As I write this, it comes to mind that writing to a prompt gave me the freedom not to worry over the output. I blamed the prompt for uninteresting results.
Still, I find it difficult to treat prompts as if they were a workout, a training regimine. Prompts don’t parallel free throws and layups as much as they do a game of HORSE. I guess shooting more baskets is better than shooting less regardless of the scenario, but adding nine other guys to the court, a second basket, a ref, and a time clock is not a linear progression of difficulty.
This week I’ll work from prompts despite my thin enthusiasm for them. I will try really really hard not to waste my time clicking through the bad ones to find less bad ones hoping to find good ones.
I recently read a post over at Zen Habits regarding creative inspiration hacks. The guest post by blogger Ben Cook lists five sources for inspiration regarding blogging. Initially I was surprised that he listed ‘Art’ as the last and least likely to consider muse, but he’s talking blogging in the regular sense not the stuff we do here at 1000 Days.
I used to collect links to great art that I knew would inspire me once I had the time to pay it some heed. I suspect had I looked harder and sooner I’d have come across plenty of starving artist portfolios. Some not so hungry I bet too. I mentioned Gorilla Artfare before, but I am going to do it again in the same month because right now they are doing it for me. Right now they are cranking out arguments against any writer’s block I might lamely posit as credible. I suspect they’d be able to stave off any casual speculative fiction work stoppage that you might have as well.
I don’t know that any of my prose here would be all that inspiring for an illustrator. If you are one and you find some, then feel free to create a visual derivative. Let me know in the comments if you do.
Today I am riffing on the piece on page 14 of the 2d Artist Magazine Patri Balanovsky was interviewed for….by….in?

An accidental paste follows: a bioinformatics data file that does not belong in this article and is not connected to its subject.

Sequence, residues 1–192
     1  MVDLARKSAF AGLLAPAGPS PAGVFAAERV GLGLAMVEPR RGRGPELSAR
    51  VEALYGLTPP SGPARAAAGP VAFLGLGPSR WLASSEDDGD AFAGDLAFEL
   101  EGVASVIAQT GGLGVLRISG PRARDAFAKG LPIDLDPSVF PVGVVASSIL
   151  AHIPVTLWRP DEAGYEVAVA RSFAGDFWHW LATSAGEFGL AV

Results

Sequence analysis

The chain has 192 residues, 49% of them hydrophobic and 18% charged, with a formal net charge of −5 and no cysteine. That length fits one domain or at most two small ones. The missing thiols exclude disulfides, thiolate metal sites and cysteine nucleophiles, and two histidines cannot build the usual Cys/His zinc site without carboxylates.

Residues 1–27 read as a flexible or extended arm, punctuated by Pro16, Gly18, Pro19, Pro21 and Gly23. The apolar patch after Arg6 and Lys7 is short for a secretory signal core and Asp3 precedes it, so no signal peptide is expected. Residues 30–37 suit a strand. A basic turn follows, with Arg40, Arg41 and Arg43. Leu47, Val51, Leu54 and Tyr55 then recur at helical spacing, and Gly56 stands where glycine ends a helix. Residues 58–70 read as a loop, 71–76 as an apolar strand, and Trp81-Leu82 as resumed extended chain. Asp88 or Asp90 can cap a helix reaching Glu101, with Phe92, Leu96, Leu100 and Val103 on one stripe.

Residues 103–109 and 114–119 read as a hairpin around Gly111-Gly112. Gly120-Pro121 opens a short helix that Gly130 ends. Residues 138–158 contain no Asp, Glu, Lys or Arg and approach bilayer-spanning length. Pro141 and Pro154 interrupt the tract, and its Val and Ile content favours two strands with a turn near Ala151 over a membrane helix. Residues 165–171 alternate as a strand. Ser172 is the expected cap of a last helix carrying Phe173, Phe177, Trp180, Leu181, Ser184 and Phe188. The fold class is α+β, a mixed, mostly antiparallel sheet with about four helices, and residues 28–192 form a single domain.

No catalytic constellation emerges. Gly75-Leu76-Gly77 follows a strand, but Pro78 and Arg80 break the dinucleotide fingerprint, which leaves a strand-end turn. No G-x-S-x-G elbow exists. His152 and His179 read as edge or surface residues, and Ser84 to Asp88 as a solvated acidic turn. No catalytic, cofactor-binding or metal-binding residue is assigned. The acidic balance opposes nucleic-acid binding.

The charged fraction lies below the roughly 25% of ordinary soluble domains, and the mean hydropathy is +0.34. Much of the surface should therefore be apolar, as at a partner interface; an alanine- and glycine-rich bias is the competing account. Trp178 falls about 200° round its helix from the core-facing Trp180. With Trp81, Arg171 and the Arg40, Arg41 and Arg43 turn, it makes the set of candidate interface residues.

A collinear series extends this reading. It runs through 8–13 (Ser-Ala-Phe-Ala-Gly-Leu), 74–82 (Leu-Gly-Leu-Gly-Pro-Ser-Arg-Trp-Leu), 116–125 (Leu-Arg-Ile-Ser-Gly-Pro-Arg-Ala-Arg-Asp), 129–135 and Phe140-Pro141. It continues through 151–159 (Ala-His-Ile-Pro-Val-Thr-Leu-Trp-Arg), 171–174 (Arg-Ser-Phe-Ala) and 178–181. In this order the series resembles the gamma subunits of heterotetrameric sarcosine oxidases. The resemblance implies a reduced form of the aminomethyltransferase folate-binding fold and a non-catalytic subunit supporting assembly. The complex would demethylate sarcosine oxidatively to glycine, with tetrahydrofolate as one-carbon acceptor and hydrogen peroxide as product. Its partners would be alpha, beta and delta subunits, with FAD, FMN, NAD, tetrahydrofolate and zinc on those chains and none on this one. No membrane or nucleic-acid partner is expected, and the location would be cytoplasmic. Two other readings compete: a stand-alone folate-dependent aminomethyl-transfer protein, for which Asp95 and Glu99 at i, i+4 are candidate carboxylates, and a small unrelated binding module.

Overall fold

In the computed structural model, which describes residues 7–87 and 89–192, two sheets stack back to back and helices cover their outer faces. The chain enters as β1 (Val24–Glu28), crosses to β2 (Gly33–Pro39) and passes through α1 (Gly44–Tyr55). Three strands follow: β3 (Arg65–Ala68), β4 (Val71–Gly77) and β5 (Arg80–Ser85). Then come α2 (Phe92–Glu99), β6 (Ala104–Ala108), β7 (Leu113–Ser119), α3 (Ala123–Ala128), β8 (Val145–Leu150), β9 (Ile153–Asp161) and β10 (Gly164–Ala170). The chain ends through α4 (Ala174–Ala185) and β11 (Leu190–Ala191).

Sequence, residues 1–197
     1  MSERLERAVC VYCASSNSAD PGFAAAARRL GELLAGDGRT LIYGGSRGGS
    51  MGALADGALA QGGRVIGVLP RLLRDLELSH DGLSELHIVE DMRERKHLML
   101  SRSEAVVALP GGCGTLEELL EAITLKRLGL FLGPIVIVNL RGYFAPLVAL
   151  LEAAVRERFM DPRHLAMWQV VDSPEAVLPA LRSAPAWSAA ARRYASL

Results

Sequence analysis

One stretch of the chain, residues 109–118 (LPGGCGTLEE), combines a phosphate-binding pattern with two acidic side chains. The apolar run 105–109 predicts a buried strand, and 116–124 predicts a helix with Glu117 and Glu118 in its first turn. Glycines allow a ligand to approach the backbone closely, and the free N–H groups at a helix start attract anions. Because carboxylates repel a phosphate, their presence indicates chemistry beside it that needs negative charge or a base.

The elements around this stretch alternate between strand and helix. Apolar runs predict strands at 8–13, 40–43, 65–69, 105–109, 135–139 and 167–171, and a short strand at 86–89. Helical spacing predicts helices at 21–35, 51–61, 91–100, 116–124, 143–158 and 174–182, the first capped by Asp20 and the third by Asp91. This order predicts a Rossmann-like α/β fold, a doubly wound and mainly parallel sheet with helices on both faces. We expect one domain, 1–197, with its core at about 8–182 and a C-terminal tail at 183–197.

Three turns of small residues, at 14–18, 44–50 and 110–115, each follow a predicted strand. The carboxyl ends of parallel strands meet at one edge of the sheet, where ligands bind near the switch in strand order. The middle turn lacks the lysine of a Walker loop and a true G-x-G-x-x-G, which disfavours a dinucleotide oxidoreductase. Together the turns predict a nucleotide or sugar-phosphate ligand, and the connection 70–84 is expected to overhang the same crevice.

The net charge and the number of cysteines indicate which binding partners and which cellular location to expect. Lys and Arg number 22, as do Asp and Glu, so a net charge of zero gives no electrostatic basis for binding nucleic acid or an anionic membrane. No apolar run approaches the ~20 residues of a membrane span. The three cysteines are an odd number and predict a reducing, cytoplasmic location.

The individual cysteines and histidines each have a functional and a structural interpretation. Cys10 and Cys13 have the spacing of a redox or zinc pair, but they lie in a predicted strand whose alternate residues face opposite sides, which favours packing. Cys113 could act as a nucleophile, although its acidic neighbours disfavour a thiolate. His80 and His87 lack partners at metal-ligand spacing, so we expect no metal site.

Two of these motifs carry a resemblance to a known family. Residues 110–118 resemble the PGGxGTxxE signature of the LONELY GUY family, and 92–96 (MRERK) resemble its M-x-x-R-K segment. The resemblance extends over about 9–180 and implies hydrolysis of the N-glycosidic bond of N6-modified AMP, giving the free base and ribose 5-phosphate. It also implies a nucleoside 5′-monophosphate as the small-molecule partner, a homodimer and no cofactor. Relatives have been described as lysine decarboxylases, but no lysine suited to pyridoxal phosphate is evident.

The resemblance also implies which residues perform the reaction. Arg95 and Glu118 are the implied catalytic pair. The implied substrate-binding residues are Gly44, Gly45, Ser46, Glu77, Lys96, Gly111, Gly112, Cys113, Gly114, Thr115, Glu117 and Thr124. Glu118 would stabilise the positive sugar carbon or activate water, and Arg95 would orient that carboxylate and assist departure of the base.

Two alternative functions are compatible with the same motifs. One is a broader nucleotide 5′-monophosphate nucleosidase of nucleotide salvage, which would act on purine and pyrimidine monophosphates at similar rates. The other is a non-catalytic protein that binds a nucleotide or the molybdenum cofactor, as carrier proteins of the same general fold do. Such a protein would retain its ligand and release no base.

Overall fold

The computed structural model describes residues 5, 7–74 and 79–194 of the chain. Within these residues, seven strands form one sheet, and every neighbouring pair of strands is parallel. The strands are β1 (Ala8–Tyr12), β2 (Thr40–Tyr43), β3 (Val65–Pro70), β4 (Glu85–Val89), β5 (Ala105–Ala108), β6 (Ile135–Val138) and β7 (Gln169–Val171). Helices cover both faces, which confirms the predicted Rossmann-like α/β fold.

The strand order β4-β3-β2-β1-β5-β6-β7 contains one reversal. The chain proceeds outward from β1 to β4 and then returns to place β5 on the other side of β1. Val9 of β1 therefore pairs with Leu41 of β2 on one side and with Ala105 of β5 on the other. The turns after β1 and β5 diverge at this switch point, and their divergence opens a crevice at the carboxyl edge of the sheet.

The 14-spined Banyan Bison
This native of the forest edges of southern Dilingon Nato is rarely captured on film–at least as far as this author knows. This particular illustration is based on a combination of aboriginal storytelling, second-hand accounts, and distant personal sightings over a number of years spent in the tall-bush.
A Banyan Bull is marked by several outstanding characteristics. Most notable is the one that lends to the animal’s namesake: the unique banyan-like muscles which separate from the lower legs into thick strands and meet back up at the heel of the broad elephantine foot. It is thought that this separation substantially increases the animal’s leverage and therefore efficiency and speed. Further speculation by some fewer authorities–your author among them–suggests that these separate ropey muscles are able to cool more quickly. At twice the size of a Bismark Elephant you’d expect this animal to lumbar sluggishly, but in reality it is quite swift and remarkably nimble.
It’s gaping maw never closes and probably can’t considering the scale and proportion of it’s fang-like teeth. No one has ever found a skeleton of the animal that included the teeth. Most megafauna fans and biologists take Grainer’s word that the teeth are composed much like the horn of a rhino of hair rather than dentine and that the teeth simply decay as quickly as the flesh [Grainer, H.L. (2035). ‘Dentilogical Studies of Mega and Submegafauna’. Nature 749: 632-40].
The barely 14 dorsal spines of the of the beast are of course typically used to cool animals of this size, but the surface area and apparent cartilaginous or potentially even boney make up of the Banyan Bison spines makes them an insignificant heat sink. Most field reports and indeed the most dramatic of all local tales make these out as weapons in mating clashes between bulls. The animal will duck it’s head very low while running at it’s competitor full speed. Just before they clash each bull leaps toward his opponent with his back leading the way. They clash no more than a couple times before the lessor of the two is so bloody and injured that he is compelled to quit the endeavor. Ancient myths boast that following particularly raucous mating the breeding pair may even kill and eat the loser.